Modest, natural, and snazzy—those were the three directions Mother Mary Magdalene gave artist Julia Sherman for designing the habits for the Community of Compassion, Mother Mary’s new Anglican Catholic order in Fort Worth, Texas. “You can’t just go to the store and buy a habit,” Mother Mary wrote to me. “Every order has to have a distinct one designed by the foundress, and you’re not supposed to copy anyone else.” The difference between two orders can be as simple as a few extra pleats in the skirt or as noticeable as Mother Teresa’s blue-striped, sari-inspired head covering.
But Sherman’s habits are something entirely new. Moreover, the JF & Son store in New York has partnered with Sherman to produce and sell the habits for secular customers. So while Mother Mary is praying in her peach-colored harem pants in Forth Worth, a young New York woman might be traipsing across Fifth Avenue in the very same design.
Mother Mary found Sherman after she saw the artist’s work photographing nun dolls from the Nun Doll Museum in Indian River, Michigan, a shrine to more than five hundred dolls and mannequins, each dressed in the traditional garb of men and woman from religious communities in North and South America. Sherman, whose previous photographic work has focused on the intricate process of creating wigs for Jewish women, clearly has a thing for religious accessories.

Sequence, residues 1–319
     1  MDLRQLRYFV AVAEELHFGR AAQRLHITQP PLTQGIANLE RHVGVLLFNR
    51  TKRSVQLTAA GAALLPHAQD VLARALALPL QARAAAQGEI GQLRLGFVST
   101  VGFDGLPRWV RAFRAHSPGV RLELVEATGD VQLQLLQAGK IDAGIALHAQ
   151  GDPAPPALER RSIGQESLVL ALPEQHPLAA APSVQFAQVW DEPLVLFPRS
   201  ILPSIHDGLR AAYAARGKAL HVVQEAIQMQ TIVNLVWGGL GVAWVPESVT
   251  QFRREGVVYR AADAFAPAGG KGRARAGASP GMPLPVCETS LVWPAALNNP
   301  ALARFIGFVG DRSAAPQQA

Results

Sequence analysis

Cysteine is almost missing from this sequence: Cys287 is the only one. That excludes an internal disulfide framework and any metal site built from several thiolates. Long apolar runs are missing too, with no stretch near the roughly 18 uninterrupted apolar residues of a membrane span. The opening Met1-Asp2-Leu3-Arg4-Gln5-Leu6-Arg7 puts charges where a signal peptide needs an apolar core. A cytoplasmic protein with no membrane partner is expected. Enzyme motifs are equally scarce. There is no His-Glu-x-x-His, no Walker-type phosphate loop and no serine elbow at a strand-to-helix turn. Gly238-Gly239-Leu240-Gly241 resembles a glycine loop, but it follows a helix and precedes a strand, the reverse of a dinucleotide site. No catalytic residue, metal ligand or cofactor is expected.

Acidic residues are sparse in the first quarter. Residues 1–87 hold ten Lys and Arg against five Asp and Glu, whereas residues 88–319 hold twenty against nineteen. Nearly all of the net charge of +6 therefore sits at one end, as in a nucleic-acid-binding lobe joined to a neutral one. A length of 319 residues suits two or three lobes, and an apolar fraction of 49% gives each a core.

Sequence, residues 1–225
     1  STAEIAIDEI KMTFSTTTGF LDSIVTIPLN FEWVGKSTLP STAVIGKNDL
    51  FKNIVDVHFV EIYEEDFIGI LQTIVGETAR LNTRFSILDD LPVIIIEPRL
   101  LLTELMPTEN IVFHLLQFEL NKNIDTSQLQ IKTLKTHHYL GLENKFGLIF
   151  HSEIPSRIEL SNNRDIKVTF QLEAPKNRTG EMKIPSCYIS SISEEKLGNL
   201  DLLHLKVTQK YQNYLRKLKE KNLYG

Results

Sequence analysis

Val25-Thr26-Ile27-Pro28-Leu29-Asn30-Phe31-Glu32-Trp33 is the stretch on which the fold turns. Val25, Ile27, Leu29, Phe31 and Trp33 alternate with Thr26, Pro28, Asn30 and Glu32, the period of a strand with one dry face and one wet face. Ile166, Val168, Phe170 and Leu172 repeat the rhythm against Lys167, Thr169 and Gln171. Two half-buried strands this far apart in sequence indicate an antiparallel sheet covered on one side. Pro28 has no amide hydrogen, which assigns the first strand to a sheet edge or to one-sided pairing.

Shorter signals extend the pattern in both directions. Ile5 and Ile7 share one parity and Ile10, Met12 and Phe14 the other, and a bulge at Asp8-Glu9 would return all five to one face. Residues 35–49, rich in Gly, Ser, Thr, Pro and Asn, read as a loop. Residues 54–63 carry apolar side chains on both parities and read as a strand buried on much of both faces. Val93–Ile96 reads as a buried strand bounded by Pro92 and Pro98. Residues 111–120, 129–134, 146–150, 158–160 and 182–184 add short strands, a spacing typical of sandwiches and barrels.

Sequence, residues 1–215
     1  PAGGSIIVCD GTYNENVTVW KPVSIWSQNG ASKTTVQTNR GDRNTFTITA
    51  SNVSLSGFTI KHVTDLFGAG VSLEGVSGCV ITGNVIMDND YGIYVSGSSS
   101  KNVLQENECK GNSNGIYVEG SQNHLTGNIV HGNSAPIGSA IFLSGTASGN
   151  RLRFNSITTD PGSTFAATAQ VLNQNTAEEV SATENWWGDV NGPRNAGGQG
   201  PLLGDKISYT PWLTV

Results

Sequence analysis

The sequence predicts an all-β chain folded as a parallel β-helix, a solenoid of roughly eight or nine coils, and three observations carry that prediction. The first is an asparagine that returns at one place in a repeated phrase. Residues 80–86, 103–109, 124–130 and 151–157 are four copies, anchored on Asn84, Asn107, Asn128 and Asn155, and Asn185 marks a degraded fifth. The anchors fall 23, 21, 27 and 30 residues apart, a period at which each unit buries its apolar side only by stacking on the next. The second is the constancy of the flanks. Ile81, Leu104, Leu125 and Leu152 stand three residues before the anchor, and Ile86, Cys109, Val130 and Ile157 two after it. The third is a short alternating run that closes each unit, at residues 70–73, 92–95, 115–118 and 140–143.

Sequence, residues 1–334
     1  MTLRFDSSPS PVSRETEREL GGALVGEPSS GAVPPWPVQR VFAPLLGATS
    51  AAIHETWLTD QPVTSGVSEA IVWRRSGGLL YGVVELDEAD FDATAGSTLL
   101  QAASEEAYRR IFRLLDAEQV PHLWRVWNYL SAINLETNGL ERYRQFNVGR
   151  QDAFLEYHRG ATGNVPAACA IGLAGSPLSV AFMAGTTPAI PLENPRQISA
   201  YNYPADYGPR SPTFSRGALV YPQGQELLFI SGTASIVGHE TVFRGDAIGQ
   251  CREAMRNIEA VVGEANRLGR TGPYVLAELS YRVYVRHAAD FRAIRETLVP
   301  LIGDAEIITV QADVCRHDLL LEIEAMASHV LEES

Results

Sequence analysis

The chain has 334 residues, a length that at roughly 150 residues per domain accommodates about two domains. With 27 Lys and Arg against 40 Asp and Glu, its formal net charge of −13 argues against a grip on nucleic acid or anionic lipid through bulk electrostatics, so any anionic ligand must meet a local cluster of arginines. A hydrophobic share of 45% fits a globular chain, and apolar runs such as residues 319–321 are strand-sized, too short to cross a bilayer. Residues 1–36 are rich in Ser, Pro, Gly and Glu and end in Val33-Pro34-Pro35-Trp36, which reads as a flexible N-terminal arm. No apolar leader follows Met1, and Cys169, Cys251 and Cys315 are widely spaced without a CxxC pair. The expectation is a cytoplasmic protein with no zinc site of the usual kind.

“These traditions,” she said, “are compelling because there is an issue of agency. The head covering, for example, can be either a source of pride or oppression, depending on the perspective and position of the woman who wears it.” The clothing line isn’t Sherman’s only nun-related project—she’s also collaborating with another order on a line of blessed soaps and facial creams.
Sherman first became interested in the nun dolls because they wore the only surviving patterns for many centuries-old habits, like those of the twelfth-century German abbess, Hildegard von Bingen, whose order was extravagantly dressed in white silk habits and gold head pieces. “Old habits,” Mother Mary said, “many of them gorgeous, have been forgotten altogether as the order who wore them has died out. There are no patterns, no documentation. It’s really sad.”
When Sherman visited the museum, she tried on one of the life-size habits on display and photographed herself during the thirteen steps of getting dressed as a Discalced Carmelite Nun. But not all nuns opt for the multilayered look. Sherman pointed out that the nun’s habit has undergone dramatic changes in the last century. “In the 1960s,” she explained, “feminist nuns lobbied to gain the right to do away with the habit altogether. As a result of their activism, young religious women today have … reappropriated the symbol, modified it to their liking, and consider it to be an elegant wedding dress to be worn in perpetuity. One order, The Abbey of Regina Laudis, even made an alternate denim habit to be worn when they work, relating their lives to that of the American blue-collar laborer.”